Wednesday, July 27, 2011

Analysis: QE3 may do more harm than good

There may be a point at which global investors get indigestion from U.S. money printing.
A fresh round of U.S. monetary easing may even do more harm than good for long-term investors as another flood of easy money into fast-growing emerging economies risks refueling oil and commodity price inflation, sapping consumption and growth.
Prospects for a third round of the Federal Reserve's quantitative easing program (QE3) grew this month after Chairman Ben Bernanke said the central bank was prepared to ease further if economic growth and inflation falter again.
Nearly in one in two fund managers surveyed by Bank of America Merrill Lynch this month said QE3 was likely.
The temptation for risk-loving investors is to rub their hands with glee. Traditionally risky or high-yielding assets such as global equities, energy and commodities and emerging markets surged in the months after the Fed gave the green light for Round Two of QE -- which involved $600 billion in new money in the form of Treasury debt purchases and which ended last month.
But the impact on the U.S. economy and the labor market has been less obvious, given that growth has slowed significantly into 2011 -- at least partly because higher energy costs have undermined consumer spending everywhere. Asset prices, as a result, have retreated sharply again since April's peaks.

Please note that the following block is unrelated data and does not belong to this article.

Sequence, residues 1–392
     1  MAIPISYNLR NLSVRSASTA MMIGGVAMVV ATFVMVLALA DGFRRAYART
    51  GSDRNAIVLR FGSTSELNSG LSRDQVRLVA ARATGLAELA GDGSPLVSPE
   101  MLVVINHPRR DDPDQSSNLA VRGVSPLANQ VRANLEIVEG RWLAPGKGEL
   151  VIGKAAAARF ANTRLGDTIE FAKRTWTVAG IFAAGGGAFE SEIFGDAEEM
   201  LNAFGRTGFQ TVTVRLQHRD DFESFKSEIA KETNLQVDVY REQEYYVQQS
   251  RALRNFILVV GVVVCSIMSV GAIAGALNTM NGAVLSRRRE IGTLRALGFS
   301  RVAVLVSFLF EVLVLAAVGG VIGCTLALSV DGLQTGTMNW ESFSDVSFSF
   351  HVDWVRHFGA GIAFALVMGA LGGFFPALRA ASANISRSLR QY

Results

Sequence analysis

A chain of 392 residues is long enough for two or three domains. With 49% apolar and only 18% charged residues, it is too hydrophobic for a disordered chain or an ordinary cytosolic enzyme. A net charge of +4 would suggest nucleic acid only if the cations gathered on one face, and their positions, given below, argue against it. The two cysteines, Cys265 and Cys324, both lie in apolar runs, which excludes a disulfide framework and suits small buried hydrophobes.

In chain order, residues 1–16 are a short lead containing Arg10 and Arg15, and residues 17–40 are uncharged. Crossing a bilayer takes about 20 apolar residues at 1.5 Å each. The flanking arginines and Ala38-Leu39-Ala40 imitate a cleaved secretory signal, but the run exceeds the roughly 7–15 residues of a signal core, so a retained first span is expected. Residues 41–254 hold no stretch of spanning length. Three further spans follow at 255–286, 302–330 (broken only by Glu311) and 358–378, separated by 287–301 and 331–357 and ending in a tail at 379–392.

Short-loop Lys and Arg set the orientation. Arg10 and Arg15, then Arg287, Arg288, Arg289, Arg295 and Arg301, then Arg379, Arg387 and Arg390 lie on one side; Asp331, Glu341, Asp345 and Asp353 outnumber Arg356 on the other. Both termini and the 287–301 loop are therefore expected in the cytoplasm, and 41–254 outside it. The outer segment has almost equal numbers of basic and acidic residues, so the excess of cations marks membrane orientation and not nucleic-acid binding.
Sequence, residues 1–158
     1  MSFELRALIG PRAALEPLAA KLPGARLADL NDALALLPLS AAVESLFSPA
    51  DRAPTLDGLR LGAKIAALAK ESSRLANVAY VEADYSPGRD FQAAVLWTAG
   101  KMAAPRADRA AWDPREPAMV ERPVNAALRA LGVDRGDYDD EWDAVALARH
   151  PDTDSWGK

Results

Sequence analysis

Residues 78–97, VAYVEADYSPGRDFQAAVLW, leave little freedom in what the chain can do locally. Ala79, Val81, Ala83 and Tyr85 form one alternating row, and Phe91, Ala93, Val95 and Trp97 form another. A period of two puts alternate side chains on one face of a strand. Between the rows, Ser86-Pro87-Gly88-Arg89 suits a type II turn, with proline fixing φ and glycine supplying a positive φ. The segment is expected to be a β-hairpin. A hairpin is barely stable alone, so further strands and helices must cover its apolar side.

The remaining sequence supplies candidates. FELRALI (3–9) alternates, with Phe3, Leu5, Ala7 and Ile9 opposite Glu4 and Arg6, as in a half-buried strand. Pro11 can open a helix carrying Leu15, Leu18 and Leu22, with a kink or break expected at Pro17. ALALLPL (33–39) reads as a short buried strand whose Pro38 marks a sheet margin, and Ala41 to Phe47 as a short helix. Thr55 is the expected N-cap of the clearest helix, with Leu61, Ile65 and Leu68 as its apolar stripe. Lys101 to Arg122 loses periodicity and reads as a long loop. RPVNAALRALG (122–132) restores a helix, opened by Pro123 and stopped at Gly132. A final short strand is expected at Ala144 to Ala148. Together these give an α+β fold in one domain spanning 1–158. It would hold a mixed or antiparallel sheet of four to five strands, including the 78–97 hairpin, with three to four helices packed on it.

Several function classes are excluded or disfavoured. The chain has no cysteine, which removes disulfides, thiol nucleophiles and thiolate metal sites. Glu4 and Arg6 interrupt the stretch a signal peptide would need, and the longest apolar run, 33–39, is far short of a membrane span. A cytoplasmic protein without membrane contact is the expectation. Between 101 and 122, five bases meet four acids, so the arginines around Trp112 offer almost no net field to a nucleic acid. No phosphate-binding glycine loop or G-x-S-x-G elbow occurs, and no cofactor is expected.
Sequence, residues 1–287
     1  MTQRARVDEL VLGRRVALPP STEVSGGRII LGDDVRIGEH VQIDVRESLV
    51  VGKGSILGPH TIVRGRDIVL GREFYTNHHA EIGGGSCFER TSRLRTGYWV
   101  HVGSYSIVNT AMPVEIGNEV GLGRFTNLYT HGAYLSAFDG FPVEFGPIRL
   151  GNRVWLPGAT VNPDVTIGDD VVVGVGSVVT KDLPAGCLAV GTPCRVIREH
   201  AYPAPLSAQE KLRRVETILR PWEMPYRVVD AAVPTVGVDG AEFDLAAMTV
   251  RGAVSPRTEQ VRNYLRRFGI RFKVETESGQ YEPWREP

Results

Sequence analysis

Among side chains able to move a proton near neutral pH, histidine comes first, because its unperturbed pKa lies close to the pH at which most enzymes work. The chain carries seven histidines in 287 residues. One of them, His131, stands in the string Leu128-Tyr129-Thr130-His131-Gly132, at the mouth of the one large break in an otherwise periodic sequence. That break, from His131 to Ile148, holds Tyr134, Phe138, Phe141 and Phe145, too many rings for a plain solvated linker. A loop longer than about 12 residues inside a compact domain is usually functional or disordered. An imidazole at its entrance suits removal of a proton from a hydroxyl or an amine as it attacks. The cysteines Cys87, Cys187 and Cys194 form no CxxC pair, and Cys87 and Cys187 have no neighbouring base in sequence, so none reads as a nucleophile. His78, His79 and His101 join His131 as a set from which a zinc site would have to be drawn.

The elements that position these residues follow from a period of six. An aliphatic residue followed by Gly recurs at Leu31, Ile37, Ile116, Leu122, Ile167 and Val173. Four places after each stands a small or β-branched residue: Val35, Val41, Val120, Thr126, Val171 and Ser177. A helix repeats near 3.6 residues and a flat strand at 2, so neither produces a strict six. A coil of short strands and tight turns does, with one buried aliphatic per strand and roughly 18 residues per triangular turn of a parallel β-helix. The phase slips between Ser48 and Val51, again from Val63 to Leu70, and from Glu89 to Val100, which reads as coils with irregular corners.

This has given rise to a debate about whether QE3 works. If it doesn't give a sustained boost to financial markets and is ambiguous for the real economy, is there any point?
"We have a negative opinion of QE2, and believe QE3 could very well turn out to be ineffective at best, and counter-productive at worst," said Stephen Jen, managing partner of London-based hedge fund SLJ Partners.
"If we are right, QE will be self-defeating in that the more the Fed eases, the more commodity prices rise, which erodes the capacity of consumers to spend on non-energy products and services."
Since Bernanke unveiled the Fed's QE2 bond buying program in a speech in Jackson Hole in August last year, Brent crude oil have risen 58 percent, while the benchmark CRB commodities index has gained nearly 30 percent.
Developed and emerging stock indexes are both up around 20 percent since that speech but they are coming off their April highs. On the year both of them are largely flat.
"My best guess is that there will be a few weeks of positive reaction, followed by a sell-off, as investors realize the circular and pointless logic of (the argument that) QE2 could lead to permanent increases in economic activities," Jen said.
Some advocates say quantitative easing works best by revaluing financial assets so that there will be a positive wealth effect for U.S. consumers, encouraging them to start spending again. The Fed argues that it boosts credit in a similar way to an orthodox easing by directly lowering long-term benchmark borrowing costs.More...

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